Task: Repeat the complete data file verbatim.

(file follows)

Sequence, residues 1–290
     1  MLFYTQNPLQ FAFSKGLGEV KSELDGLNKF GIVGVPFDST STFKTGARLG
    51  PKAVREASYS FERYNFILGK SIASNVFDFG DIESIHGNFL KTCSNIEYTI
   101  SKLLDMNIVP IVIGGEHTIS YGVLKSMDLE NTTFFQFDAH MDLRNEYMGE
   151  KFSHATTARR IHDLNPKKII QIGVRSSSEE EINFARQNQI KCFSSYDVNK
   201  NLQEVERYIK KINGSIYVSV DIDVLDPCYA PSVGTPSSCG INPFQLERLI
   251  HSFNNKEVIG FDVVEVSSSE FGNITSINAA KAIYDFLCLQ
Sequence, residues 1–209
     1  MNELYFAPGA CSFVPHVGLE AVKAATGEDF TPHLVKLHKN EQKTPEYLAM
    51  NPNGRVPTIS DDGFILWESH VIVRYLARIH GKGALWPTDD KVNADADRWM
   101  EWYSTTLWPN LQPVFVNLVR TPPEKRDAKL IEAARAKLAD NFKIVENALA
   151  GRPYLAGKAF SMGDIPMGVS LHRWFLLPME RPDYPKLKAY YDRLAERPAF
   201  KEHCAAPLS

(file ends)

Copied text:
Sequence, residues 1–290
     1  MLFYTQNPLQ FAFSKGLGEV KSELDGLNKF GIVGVPFDST STFKTGARLG
    51  PKAVREASYS FERYNFILGK SIASNVFDFG DIESIHGNFL KTCSNIEYTI
   101  SKLLDMNIVP IVIGGEHTIS YGVLKSMDLE NTTFFQFDAH MDLRNEYMGE
   151  KFSHATTARR IHDLNPKKII QIGVRSSSEE EINFARQNQI KCFSSYDVNK
   201  NLQEVERYIK KINGSIYVSV DIDVLDPCYA PSVGTPSSCG INPFQLERLI
   251  HSFNNKEVIG FDVVEVSSSE FGNITSINAA KAIYDFLCLQ
Sequence, residues 1–209
     1  MNELYFAPGA CSFVPHVGLE AVKAATGEDF TPHLVKLHKN EQKTPEYLAM
    51  NPNGRVPTIS DDGFILWESH VIVRYLARIH GKGALWPTDD KVNADADRWM
   101  EWYSTTLWPN LQPVFVNLVR TPPEKRDAKL IEAARAKLAD NFKIVENALA
   151  GRPYLAGKAF SMGDIPMGVS LHRWFLLPME RPDYPKLKAY YDRLAERPAF
   201  KEHCAAPLS